Nathan Roberts, chief executive of A Band of Brothers, explains how the network's male mentors help young men become more emotionally expressive
“I don’t think there are many places in westernised societies where men are encouraged to be vulnerable, emotionally expressive. I grew up in a very tough village, where the way you gained your place in the hierarchy was by how quickly you could shame people. It was a culture of tearing each other down; physical posturing; intimidation.
There are very narrow definitions of what it is to be a man. When I was growing up, it wasn’t safe for me to admit that I felt scared, sad or lonely. For me to be of use to other men, I had to transform and break through that conditioning myself.
It wasn’t safe for me to admit I felt scared, sad or lonely. I had to break through that conditioning myself
We believe that hurt people, hurt people. The young men we work with often haven’t had a positive male figure in their lives, and have experienced a lot of trauma. Our job is to provide them with an opportunity to rehabilitate themselves from the injuries of their lives. That’s the only way their behaviour will change.
Aside from sport or religion, men don’t have great networks. So at A Band of Brothers we gather mentors from the community where we want to work, and spend months bonding together, removing the potential negative bits of masculinity – ego or competition – that could get in the way. Then we bring the young men from inner city environments and take them to the woods. We use stories, poetry and exercises using the natural world that explore masculinity.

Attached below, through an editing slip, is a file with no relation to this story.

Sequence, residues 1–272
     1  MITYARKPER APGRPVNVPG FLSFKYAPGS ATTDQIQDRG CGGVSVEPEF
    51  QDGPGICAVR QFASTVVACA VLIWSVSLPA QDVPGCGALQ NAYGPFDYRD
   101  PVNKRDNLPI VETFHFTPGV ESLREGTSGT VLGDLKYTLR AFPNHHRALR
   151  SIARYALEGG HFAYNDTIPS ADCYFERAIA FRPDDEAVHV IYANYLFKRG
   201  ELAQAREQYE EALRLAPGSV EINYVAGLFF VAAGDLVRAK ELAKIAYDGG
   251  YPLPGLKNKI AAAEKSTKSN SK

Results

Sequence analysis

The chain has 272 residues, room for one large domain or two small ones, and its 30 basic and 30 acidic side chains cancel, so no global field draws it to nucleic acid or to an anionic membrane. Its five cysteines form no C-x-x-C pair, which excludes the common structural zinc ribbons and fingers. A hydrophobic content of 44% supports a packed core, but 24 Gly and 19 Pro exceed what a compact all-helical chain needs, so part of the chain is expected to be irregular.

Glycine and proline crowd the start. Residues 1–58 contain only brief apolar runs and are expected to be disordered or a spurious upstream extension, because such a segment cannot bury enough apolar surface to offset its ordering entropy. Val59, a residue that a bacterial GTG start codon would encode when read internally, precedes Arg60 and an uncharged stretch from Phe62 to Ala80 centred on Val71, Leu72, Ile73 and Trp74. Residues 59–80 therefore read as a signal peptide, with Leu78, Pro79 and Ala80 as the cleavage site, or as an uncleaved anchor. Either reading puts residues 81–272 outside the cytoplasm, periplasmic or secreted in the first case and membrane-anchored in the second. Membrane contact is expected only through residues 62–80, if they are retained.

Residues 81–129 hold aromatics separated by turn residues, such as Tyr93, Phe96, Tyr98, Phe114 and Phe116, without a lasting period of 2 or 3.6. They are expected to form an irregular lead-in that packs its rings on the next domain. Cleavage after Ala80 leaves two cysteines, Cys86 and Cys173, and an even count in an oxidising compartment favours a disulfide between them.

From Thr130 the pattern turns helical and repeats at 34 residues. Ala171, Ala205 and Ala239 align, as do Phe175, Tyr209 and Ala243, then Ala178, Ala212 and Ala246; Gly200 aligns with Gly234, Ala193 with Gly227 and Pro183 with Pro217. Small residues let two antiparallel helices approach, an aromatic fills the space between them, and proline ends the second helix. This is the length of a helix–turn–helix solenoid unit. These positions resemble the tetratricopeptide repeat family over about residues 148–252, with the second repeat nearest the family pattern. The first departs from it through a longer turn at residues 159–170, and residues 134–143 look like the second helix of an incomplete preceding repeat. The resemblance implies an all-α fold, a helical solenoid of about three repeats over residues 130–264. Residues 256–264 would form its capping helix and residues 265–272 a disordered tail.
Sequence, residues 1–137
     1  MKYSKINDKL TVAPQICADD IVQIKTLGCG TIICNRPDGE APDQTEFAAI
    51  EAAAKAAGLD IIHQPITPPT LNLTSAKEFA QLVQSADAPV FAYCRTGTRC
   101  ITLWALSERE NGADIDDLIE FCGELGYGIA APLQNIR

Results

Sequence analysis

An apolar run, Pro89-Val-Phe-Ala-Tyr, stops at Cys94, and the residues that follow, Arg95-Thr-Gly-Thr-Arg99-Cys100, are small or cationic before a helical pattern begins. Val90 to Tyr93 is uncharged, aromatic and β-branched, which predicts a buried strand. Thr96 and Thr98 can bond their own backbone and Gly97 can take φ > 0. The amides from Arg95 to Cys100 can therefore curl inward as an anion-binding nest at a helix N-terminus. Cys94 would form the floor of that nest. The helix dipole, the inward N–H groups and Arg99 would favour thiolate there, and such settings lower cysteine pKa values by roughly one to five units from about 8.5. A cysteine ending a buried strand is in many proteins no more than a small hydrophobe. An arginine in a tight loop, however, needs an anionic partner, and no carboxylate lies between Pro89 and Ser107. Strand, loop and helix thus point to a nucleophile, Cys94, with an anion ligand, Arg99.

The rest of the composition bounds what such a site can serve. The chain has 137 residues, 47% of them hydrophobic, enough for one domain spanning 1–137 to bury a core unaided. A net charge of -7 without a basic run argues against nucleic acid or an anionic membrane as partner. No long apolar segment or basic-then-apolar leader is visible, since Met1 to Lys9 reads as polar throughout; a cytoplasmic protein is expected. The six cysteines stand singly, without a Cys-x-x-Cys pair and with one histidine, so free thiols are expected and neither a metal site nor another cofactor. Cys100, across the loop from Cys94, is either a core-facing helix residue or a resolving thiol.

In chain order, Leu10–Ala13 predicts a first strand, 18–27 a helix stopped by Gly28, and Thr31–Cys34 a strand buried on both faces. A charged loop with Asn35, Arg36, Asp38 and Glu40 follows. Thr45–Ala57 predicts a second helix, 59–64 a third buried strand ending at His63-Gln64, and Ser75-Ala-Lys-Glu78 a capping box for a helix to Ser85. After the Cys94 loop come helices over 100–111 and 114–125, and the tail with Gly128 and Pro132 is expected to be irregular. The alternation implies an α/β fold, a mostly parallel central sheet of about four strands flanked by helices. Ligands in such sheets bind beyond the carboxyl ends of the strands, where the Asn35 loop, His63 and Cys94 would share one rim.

I trust all of these men with my life
A lot of these young men have been starved of acknowledgment and appreciation; we tell them the qualities that we see in them. This can be pretty mind-blowing for the young men because nobody has ever said this kind of thing to them. The only emotion that it has been acceptable for them to show without fear of ridicule is anger.
And that’s not just the experience of young men at the bottom of the pile: it’s the experience of most men in our society. One of the young men was asked what he got out of the weekend, and he said: “Realising I had emotions. Before I did this, I had only two: pissed off, and alright.”
I feel extraordinarily privileged to be part of the A Band of Brothers community. There is a deep bond there, and I’ve never had that in my life before: I trust all of these men with my life. And when I die, they will bury me.”
Image: Casey Moore
Read our feature Rewriting the Man Code: the new masculinity
Find out more about A Band of Brothers
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